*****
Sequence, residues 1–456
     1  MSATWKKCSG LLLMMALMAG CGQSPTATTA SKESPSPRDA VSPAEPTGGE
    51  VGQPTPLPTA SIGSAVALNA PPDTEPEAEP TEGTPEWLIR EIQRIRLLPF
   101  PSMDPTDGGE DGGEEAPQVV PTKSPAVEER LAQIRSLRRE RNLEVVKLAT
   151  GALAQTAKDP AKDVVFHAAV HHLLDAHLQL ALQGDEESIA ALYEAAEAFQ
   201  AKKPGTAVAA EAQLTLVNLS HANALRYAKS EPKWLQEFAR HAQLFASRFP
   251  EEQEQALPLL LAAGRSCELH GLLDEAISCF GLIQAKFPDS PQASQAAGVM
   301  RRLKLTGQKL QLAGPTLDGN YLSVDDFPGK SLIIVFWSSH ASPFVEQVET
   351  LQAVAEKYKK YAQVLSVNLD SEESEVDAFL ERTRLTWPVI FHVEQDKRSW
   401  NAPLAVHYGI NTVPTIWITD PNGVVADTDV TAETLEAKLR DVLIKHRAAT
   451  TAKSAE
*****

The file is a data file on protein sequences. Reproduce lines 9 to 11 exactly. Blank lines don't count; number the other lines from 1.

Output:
   351  LQAVAEKYKK YAQVLSVNLD SEESEVDAFL ERTRLTWPVI FHVEQDKRSW
   401  NAPLAVHYGI NTVPTIWITD PNGVVADTDV TAETLEAKLR DVLIKHRAAT
   451  TAKSAE